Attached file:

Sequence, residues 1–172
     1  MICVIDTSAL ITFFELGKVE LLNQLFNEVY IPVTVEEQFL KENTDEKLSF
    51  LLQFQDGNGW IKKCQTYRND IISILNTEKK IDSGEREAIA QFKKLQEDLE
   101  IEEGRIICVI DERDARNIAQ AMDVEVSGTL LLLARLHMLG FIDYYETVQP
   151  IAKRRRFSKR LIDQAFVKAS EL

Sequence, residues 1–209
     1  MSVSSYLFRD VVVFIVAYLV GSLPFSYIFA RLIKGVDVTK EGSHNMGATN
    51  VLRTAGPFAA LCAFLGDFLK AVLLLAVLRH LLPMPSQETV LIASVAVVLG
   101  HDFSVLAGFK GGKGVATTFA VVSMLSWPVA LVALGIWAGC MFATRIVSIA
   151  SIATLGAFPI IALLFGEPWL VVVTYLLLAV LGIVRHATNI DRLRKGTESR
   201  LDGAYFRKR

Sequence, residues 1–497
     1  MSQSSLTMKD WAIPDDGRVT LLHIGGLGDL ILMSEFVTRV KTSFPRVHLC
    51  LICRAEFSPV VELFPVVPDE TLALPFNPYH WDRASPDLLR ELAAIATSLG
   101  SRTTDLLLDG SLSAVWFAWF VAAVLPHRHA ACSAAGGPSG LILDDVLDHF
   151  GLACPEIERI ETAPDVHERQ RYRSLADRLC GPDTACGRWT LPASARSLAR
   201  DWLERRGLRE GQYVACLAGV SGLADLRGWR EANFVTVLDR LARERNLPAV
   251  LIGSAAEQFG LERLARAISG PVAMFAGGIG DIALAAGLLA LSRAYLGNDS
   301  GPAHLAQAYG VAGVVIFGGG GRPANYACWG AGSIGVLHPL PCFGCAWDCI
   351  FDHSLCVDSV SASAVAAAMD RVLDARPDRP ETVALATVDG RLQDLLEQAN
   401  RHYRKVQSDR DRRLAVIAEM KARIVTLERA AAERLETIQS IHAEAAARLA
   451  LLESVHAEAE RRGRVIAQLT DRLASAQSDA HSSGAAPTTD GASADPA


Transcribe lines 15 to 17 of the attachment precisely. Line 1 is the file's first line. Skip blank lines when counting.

   101  SRTTDLLLDG SLSAVWFAWF VAAVLPHRHA ACSAAGGPSG LILDDVLDHF
   151  GLACPEIERI ETAPDVHERQ RYRSLADRLC GPDTACGRWT LPASARSLAR
   201  DWLERRGLRE GQYVACLAGV SGLADLRGWR EANFVTVLDR LARERNLPAV